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5 Tips For Teachers to Deal With Difficult Parents

When you trained to become a teacher or started out in nursery, you probably learnt everything there was to know about dealing with children; from learning difficulties to behavioural problems. You probably didn't prepare for the fact that when you take on a class of 20 children; you’re also taking on roughly double the number of parents.

And not all of them are the flowers and chocolates-bearing sort.

If you’ve got a few difficult parents on your hands at nursery or primary school, here are 5 tips to help you manage them.

1. Hear them Out

Whether they’re annoyed about an incident at school or they aren’t taking their own duties seriously, listen to what they have to say, however frustrating you might find them. Not only will you be showing empathy towards their situation, but hearing them out will help you find the best way to tackle the issues that are making them ‘difficult’ in the first place.

2. Arrange a Meeting

Few positive outcomes have been achieved at the school gates. To get to the bottom of an issue, it’s important that the parent has your full attention (and vice versa!). So if they are trying to catch you in a hurry to a meeting, arrange a convenient time for both of you to talk about things privately.

3. Stay Calm

They might be throwing colourful insults your way, or saying as much with their body language, but don’t rise to their level if dealing with abusive or rude parents. In fact, sometimes the most ‘difficult’ Mums and Dads are the most enthusiastic ones, who want to challenge and interfere with your teaching. Stay calm, stand your ground and remember who’s in charge of the curriculum.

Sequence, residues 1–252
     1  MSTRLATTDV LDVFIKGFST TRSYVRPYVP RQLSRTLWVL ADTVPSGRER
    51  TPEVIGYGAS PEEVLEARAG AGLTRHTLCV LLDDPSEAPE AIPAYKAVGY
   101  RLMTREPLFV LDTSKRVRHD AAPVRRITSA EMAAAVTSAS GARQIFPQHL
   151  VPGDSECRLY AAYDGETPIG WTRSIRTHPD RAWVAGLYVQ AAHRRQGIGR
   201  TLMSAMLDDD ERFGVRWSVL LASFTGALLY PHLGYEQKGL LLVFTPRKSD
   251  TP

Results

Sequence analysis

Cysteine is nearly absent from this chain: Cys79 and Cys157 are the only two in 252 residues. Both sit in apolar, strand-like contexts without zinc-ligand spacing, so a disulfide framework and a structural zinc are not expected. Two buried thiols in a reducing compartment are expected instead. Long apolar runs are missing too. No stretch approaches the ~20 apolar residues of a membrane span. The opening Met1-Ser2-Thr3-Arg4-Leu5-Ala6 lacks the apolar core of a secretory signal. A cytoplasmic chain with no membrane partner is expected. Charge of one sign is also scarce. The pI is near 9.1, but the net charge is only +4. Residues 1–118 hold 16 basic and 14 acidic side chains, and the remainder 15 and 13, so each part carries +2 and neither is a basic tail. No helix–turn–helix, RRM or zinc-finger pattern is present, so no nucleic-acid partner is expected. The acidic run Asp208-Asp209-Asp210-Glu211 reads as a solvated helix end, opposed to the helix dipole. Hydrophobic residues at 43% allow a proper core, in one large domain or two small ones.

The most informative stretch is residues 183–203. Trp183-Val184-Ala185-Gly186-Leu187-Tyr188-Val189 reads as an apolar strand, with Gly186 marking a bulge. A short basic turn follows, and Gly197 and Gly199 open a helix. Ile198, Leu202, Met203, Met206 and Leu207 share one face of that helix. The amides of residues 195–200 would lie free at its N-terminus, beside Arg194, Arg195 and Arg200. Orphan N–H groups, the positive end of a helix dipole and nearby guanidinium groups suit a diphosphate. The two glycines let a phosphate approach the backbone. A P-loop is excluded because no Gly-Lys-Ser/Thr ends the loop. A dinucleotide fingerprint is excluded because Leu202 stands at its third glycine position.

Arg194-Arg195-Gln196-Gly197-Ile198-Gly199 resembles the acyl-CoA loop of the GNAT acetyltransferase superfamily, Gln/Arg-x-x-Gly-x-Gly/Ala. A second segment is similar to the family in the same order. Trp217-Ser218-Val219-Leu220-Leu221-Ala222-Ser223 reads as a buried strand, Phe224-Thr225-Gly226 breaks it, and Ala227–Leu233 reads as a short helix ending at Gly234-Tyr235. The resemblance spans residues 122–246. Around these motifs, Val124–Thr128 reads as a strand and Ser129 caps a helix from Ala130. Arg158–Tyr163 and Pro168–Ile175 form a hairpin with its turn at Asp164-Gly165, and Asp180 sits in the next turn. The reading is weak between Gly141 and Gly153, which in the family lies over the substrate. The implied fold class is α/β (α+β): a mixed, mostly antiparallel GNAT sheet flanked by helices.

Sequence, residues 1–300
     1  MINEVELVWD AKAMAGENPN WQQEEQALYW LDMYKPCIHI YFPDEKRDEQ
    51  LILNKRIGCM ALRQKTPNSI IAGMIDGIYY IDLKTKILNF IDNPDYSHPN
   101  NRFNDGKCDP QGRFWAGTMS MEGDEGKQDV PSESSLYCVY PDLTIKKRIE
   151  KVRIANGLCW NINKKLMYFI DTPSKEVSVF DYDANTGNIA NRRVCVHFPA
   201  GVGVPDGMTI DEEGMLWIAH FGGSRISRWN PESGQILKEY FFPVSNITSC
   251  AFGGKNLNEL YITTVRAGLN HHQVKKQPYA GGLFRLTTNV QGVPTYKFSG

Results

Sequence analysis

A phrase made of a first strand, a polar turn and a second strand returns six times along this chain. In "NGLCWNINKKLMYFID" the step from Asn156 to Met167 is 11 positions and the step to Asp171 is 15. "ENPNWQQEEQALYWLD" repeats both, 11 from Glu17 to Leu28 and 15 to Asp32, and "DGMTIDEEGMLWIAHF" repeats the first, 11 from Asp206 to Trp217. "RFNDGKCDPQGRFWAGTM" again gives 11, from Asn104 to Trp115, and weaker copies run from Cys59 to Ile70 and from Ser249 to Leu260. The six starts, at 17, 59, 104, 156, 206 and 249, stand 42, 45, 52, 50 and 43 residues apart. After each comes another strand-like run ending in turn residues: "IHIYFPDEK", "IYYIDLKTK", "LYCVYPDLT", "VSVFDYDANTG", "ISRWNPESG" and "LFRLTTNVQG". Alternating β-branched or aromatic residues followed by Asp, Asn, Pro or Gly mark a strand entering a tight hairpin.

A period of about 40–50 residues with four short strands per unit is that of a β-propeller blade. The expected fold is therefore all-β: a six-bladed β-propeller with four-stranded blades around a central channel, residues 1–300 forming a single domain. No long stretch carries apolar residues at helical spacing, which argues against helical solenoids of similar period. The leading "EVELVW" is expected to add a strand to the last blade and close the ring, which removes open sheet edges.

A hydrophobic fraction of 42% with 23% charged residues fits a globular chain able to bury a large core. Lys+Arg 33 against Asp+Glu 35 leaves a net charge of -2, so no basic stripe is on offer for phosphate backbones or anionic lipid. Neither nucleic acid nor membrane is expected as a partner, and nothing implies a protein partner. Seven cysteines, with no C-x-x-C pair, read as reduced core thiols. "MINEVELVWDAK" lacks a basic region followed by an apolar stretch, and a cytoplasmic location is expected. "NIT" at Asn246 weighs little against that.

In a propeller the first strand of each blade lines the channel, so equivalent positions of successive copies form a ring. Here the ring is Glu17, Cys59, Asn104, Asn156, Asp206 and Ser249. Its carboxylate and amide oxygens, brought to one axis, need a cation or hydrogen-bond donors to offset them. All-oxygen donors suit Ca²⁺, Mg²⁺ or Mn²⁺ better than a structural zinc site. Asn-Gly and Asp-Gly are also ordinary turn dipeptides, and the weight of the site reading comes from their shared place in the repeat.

4. Don’t Get Over-Involved

Issues at home can have a big impact on a child’s progress at nursery or school, and whilst it’s important to be aware of these and understand them, avoid being made a mug of. You don’t get paid overtime to look after their child when all the others have gone home, nor are you a professional counsellor. So choose an appropriate time to draw the line and avoid getting more involved than you need to be.

5. Brush it Off

You didn’t exactly sign up to needy, rude, troubled or in-your-face parents, but it does unfortunately come with the territory. Whatever makes them less than perfect, remember to never take their words or actions personally. And when Friday comes around you can always laugh it off with your partner over a glass of wine. After all, you’re the one bringing up 20+ children at a time – few parents can compete with that.

Every teacher and nursery manager will have to deal with challenging parents at least once, if not on a regular basis. These simple but effective tips will stop you bubbling up with frustration during the weekends, and help you brush it off at the weekend.


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